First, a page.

‘Wathint’ Abafazi, Wathint’ Imbokodo’

(you strike the women, you strike the rock)

“Each time a woman stands up for herself, without knowing it possibly, without claiming it, she stands up for all women.”

~ Maya Angelou

On the 9th August 1956, Lillian NgoyiHelen JosephRahima Moosa and Sophia Williams led a multi-racial march of more than 20 000 South African women who joined together in protest against Prime Minister J. G. Strijdom’s proposed amendments to the Urban Areas Act of 1950 (also known as “the pass laws”). After delivering 14 000 petitions which voiced their opposing to the amendments, the protestors stood silenced for 30 minutes and then began singing ‘Wathint’ Abafazi, Wathint’ Imbokodo’ (you strike the women, you strike the rock).

The courage and strength that these women displayed have now become synonymous with the struggle of women in South African. A struggle that is ongoing.

Since its inception, National Women’s Day has been used to highlight the challenges that South African women’s still face. Women are facing problems in education of girls, to the abuse of women, to the fight for equal pay; the struggle of the ordinary South African women continues.


It is a crying shame that our beloved land and the civilized world witnesses those great atrocities against the South African women and children. The men who are abusers and molesters in South Africa carry deep-seated hatred and disregard to the women.

Abusers treat women like objects. They sexually abuse them and then they murder and throw their bodies away.

It is encouraging to note that there are men out there who look at women and treat them as equals with respect. They look at the female gender as their mothers, sisters and daughters and they are loving and protective.

Men are encouraged to speak out against their male friends who abuse women and children. No person deserves to be subject to violence irrespective of gender, race or culture. Any person who perpetuates such acts of violence is despicable. They do not deserve to belong to the human race as they are such a disgrace.

There has to be a piercing into the silence for humanity to break forth.

The Bible says that God created man ,both male and female and they are equal. God is JUDGE and he shall judge every person for their acts and thoughts in their bodies. As much as we have immutable divine laws, our natural laws of justice of our land convicts criminals. Our courts need to uphold the women and children and to meet out harsh sentences so that they can be a deterrent to deter other men from perpetuating these heinous acts of violence on women and children.

 During Lockdown level 5 and 4 of the pandemic, the women and children were most vulnerable as they had to be in the home with their Abusers. The family courts and clinics were inundated with over 70 000 cases of violence against women and children.  It is indeed, a crying shame that the innocent call out.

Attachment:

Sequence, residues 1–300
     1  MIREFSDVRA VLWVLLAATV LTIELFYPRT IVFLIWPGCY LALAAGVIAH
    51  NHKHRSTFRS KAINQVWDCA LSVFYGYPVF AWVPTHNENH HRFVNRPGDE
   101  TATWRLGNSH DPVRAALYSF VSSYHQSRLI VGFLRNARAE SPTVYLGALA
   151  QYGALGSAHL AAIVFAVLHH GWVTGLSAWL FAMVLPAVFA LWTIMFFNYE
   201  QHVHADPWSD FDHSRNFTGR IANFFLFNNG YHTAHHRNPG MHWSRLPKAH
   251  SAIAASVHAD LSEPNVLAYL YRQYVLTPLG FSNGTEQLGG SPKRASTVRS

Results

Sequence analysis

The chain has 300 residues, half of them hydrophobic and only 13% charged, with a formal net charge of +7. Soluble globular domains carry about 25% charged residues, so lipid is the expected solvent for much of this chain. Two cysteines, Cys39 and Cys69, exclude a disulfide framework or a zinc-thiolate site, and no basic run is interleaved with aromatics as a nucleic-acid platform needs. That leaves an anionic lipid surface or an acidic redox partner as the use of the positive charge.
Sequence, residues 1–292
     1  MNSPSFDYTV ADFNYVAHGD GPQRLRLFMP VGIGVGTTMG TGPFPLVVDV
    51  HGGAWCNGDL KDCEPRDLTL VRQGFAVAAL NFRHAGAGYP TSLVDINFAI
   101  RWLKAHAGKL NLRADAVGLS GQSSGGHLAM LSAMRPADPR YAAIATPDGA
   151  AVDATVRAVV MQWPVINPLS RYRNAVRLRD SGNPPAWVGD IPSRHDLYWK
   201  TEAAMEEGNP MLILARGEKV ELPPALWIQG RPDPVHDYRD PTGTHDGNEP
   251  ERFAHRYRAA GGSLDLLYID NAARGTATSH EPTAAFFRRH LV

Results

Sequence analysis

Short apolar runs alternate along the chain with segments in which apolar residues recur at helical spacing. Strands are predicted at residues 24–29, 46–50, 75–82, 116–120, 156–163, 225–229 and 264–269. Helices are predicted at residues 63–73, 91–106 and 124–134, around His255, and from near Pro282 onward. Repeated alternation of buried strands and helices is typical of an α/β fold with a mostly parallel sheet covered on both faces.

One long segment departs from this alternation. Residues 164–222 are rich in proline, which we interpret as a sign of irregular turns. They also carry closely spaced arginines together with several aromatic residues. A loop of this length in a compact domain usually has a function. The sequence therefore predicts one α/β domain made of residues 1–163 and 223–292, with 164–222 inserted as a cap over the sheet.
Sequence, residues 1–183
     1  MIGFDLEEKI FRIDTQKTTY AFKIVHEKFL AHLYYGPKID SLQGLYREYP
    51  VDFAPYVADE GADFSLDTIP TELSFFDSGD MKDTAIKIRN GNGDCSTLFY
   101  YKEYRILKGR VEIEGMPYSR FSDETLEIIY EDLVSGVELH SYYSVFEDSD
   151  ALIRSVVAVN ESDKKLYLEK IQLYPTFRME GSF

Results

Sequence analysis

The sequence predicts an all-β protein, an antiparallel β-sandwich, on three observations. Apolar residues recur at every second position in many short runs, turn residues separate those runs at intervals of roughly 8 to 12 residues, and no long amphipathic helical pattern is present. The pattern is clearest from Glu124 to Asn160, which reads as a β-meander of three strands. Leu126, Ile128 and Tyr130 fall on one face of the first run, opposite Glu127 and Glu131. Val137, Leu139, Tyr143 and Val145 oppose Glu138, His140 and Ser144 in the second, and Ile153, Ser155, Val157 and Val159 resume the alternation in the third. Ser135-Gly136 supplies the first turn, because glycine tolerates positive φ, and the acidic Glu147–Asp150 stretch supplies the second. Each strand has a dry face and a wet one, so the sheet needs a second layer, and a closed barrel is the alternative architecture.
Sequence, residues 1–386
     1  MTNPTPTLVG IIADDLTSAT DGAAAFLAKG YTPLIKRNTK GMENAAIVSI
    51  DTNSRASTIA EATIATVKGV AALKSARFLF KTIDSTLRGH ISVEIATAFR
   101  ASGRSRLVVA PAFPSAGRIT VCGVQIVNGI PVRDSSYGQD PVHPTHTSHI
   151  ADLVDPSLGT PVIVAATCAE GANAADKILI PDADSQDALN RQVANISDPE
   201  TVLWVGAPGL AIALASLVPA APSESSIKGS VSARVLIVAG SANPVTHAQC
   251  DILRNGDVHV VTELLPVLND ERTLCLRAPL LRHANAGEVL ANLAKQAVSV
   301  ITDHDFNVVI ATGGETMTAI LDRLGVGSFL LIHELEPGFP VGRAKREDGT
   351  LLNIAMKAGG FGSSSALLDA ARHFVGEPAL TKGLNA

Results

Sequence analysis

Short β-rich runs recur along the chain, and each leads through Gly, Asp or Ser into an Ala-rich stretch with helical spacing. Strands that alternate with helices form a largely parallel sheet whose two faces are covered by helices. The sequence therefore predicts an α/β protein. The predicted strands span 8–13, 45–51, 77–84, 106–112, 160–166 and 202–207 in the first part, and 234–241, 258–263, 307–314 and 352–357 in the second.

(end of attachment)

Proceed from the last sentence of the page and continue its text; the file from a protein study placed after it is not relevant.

How long is our society going to tolerate this aberrant behaviour of Abusers and how long weak-minded Abusers can vent their rage and insecurities whilst fully expecting women and children to be their punching bags?

 Enough Is Enough- Harsh Jail Terms Abusers.

  • They are a menace to society and they need help to rehabilitate them to bring the humanity into their souls and take responsibility for their criminal acts;
  • Our leaders to legislate greater protection and security for women and children and to create an atmosphere to show a great respect for women and children. If the head is rotten then the whole body is rotten. Our leaders need to be conscious of the ethos they project and to transfer this culture of no violence to all spheres of life.
  • Specialised social reform and infrastructure to be put in place.
  • Our Courts and law enforcers need to expose them and shame them to protect other women and children .Our courts need to emulate other courts to bring forth punitive restoration to victims and inflict equal harm to the criminal.
  • More safe Houses and more economic support for women to move out of abusive situations;
  • More protection and emotional counselling to deal with trauma.
  • The legal structures, both the courts and the police force need to be compassionate and to be effective to assist the women and children so that women and children can receive all the help they can get.
  • Community projects to equip women to defend themselves and to have awareness to prevent any acts of violence.
  • Schools to teach the youth to respect and be kind to each other.
  • No bullying to be tolerated at schools and immediate intervention of the law and social workers need to deal with it.
  • Parents to teach their children to respect and to appreciate each other. Love and discipline to keep children to respect others. Abusers blame their actions on a lousy and destructive childhood or bad friends. Love and respect starts in the home and children watch how husbands and wives treat each other. We, as parents, cannot expect society or the state to teach our children. At the end of the day, the arrow points to us whilst other people are hurt and in trauma.
  • Religious institutions need to enforce peaceful teachings and help in social reform and to sow good seeds for a good society to benefit all.

 However, if our shared history has proved anything, it is this: that…

Whenever women gather together failure is impossible.”

~ Susan B. Anthony.